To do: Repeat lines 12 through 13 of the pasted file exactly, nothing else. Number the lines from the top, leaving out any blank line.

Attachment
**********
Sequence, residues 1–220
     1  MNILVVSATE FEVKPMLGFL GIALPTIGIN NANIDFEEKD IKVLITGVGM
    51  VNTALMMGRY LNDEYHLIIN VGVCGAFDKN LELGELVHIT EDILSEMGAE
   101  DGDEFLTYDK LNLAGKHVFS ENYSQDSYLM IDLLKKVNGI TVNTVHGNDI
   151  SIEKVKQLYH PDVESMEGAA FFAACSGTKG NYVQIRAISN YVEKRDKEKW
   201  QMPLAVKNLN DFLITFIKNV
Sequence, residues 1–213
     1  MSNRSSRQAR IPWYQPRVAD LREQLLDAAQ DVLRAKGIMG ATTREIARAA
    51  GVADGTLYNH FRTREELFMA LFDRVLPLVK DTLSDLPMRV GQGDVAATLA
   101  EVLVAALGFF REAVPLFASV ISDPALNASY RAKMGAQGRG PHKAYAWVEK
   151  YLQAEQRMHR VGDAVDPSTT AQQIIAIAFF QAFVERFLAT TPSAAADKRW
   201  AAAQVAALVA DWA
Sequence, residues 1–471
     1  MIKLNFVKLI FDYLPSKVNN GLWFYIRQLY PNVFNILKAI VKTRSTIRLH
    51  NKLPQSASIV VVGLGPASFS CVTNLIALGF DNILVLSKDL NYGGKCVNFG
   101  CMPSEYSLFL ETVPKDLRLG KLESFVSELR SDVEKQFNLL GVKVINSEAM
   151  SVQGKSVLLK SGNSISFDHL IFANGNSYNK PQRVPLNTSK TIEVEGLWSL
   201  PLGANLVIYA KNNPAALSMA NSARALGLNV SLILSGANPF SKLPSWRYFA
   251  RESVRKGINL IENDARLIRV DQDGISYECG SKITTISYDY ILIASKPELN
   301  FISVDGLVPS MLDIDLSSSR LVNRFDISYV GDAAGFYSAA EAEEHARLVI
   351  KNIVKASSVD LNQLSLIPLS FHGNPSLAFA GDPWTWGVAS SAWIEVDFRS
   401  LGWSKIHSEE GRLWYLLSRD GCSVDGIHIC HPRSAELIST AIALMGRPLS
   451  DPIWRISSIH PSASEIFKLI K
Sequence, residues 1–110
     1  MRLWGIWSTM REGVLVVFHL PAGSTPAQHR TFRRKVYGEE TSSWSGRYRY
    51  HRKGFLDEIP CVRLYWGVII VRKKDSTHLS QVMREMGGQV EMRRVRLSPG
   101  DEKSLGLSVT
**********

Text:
   201  AAAQVAALVA DWA
Sequence, residues 1–471